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August 18, 2018
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City Council: Surveillance cameras, water for golf courses, revisiting fluoride (Listen)
(2012-07-26)
(KSFR) -

Santa Feans will be looking at more surveillance cameras before long, and the cameras will be looking at them as well as at would-be thieves. City Council has agreed to go ahead with getting cost estimates on a plan to install security cameras at 19 more locations. They include parking facilities, several city parks and a number of trail heads where car break-ins have taken place. The cost of adding the 38 cameras could be about $400,000. Council rejected an option that would have placed some 180 cameras at more locations at a cost in excess of $1 million.

City council has set late-August as the date for another vote on the question of fluoride in the city's drinking water supply. They voted to rescind their most recent decision to eliminate the additive completely because the vote was not legal. That particular question was not part of the proposal being discussed two weeks ago. At issue then was whether to adopt new federal standards for fluoride. But instead of voting on that issue at that particular meeting, they agreed nearly unanimously to stop adding fluoride completely.

In other action, the governing body approved an emergency request from the luxury Las Campanas development to provide city well water for that community's golf courses. The emergency issue came up because Las Campanas had been using Rio Grande water for irrigation until the Buckman project stopped pumping because of sediment in the river. City councilors including Chris Calvert said they were in a tough spot because of a complex water agreement among the city, the county and Las Campanas. *** The city has been relying on well water during that period and the lack of flow from the Rio Grande had dried out the Las Campanas golf courses.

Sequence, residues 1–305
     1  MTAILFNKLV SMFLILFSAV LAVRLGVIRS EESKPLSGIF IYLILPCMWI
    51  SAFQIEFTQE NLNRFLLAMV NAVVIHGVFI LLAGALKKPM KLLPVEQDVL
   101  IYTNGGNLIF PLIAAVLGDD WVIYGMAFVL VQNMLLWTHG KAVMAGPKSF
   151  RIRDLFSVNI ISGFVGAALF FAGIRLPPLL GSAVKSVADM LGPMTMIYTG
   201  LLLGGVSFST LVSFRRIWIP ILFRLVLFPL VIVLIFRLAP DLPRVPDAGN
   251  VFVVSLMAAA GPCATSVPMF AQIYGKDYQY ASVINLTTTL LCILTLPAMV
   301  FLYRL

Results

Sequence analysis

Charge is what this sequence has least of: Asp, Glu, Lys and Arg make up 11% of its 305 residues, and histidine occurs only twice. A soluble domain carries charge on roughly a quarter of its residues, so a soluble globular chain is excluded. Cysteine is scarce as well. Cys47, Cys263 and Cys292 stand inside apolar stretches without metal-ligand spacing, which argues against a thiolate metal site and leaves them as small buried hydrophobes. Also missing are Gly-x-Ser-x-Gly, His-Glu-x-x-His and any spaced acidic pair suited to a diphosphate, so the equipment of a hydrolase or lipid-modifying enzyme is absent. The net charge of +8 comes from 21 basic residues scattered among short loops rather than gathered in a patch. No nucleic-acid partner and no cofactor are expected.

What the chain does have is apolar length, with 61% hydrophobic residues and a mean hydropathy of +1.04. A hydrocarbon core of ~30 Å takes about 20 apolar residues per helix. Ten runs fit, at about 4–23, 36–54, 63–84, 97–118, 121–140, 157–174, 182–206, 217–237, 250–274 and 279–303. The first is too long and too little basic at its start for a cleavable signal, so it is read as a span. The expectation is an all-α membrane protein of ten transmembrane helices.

New Mexico's two U.S. Senators say they both voted yes on a proposal to extend federal tax cuts for lower and middle income wage earners and to eliminate the cuts for people making more than $200,000 a year. They say 98 percent of New Mexico families would benefit. The issue goes next to the Republican-controlled House of Representatives where it is expected to fail.

The case of drug-cartel money laundering at New Mexico's Ruidoso Downs racetrack is set to go to trial in October. The case will be heard in Austin where eight members of the powerful Zetas drug cartel will face a federal and jury. The men are accused of buying and training racehorses to launder drug profits.

Weather: Mid 80s for highs and a 40 percent chance for rain once again. The airport weather station reports 4/100ths of an inch of rain yesterday.


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